Maximum reality

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With the continued onslaught of reality programs-four more, including the much hyped Survivor II, are launching this month-it's no wonder that caught-on-camera rookie Maximum Exposure is shaping up as a hit.

For the week ended Dec. 24, Paramount Domestic Television's weekly strip Maximum Exposure
grabbed a 2.4 household rating, propelling it to an all-time high, according to Nielsen Media Research. Maximum Exposure, up a hefty 33% from its debut, is a standout in a season when most new efforts haven't seen ratings close to 2, including higher-profile shows like Paramount's own Dr. Laura and Columbia TriStar Television Distribution's Men Are From Mars, Women Are From Venus.

Bobbee Gabelmann, Paramount's executive vice president of current programming, confirms that Maximum Exposure
has been picked up for a second year, one of the few rookies to have been picked up so far. CTTD's Judge Hatchett
is another, already clearing 85% of the U.S.

"We love our successes," says Gabelmann. "We have had failures, too," she admits, noting the struggling Dr. Laura, "but we don't hate those shows, we just hate it that viewers didn't catch on."

Yet with Maximum Exposure, "we think the ratings will keep going up," she adds. "People seem to like what they see."

Also impressive, Maximum Exposure
picked up a 1.4 rating among adults 18-34, ranking 23rd among all syndicated series for that hard-to-get but attractive young demographic. Within that bracket, Maximum Exposure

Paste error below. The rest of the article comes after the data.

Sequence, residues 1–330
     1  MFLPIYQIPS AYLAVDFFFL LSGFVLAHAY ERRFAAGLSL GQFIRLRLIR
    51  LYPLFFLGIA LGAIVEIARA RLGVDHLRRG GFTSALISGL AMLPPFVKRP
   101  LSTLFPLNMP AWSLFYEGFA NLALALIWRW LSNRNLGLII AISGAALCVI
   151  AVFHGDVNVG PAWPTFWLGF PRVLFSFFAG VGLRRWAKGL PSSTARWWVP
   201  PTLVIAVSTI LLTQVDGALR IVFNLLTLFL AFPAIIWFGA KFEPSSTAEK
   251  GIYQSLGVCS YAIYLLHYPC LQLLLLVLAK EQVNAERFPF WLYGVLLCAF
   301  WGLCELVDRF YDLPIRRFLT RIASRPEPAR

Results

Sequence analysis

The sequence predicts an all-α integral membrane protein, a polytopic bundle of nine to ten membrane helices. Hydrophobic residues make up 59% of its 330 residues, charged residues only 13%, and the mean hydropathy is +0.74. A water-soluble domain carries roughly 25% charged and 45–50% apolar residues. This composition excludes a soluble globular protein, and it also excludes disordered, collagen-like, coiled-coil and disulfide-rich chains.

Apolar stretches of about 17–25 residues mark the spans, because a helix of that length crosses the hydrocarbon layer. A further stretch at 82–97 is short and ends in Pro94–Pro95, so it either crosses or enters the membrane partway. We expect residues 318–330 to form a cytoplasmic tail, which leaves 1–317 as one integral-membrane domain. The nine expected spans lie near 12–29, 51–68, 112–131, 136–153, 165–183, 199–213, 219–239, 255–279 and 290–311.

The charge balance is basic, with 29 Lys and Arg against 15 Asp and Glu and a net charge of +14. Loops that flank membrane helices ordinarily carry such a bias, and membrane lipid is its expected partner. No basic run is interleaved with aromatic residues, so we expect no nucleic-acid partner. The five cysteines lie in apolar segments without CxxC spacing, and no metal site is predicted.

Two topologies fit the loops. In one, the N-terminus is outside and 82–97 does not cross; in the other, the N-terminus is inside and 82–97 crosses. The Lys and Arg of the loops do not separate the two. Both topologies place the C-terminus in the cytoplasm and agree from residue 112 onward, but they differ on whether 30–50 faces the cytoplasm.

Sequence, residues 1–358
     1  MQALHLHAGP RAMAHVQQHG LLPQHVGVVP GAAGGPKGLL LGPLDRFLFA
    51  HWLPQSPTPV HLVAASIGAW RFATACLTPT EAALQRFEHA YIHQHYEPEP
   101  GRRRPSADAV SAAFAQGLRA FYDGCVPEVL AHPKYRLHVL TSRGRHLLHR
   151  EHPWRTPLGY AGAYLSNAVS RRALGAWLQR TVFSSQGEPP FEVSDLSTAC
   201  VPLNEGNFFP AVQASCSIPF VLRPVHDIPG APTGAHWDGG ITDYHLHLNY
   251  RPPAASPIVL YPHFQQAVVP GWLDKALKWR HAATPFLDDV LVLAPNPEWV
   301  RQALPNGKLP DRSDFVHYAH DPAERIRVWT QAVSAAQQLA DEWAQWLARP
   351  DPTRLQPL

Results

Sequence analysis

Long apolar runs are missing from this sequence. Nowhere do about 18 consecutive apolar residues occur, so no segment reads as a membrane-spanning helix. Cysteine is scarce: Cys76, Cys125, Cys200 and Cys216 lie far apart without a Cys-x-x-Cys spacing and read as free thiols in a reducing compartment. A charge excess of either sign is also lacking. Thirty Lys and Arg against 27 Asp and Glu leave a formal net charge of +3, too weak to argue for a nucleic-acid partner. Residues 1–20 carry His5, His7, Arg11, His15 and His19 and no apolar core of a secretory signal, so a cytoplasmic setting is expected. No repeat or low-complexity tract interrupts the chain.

tied established show Xena: Warrior Princess
and bested such veterans as Judge Joe Brown
(1.3), Extra
(1.3) and V.I.P.
(1.3).

As for what makes Maximum Exposure
tick, the fact that "people just want reality on the air is too easy an answer," says Executive Producer Mack Anderson of the show's concept of featuring extreme/outrageous video footage. "It's different from most reality clip shows. When they turn their 30-second clips into a six-minute story, that's a yawner."

In contrast to certain Fox shock specials (World's Craziest, Amazing, Dumbest, etc.), "We try to give viewers credit for being familiar with reality. They've seen all of this before, so we'll pack in 30 stories into one show, and we'll try to make it more entertaining."

Segments that have made the cut at Maximum Exposure
include a profile of the Lin family: "Everyone is completely magnetic. They can attach irons to themselves. I'm completely serious," says Anderson.

He also points out some guy shoving an 18-inch screwdriver up his nose, which "was a thing of beauty," and a TV repairman who can conduct electrical impulses from televisions to set matches on fire.

Maximum Exposure
narrator Cam Brainard often says, "Look at this dude. Is he not crazy or what?" "That's something other shows avoid saying because they're too busy overselling it like 'It's so deadly, it's the deadliest volcano,'" says Anderson. "We don't make fun of everything, but we'll add humor when it's appropriate."

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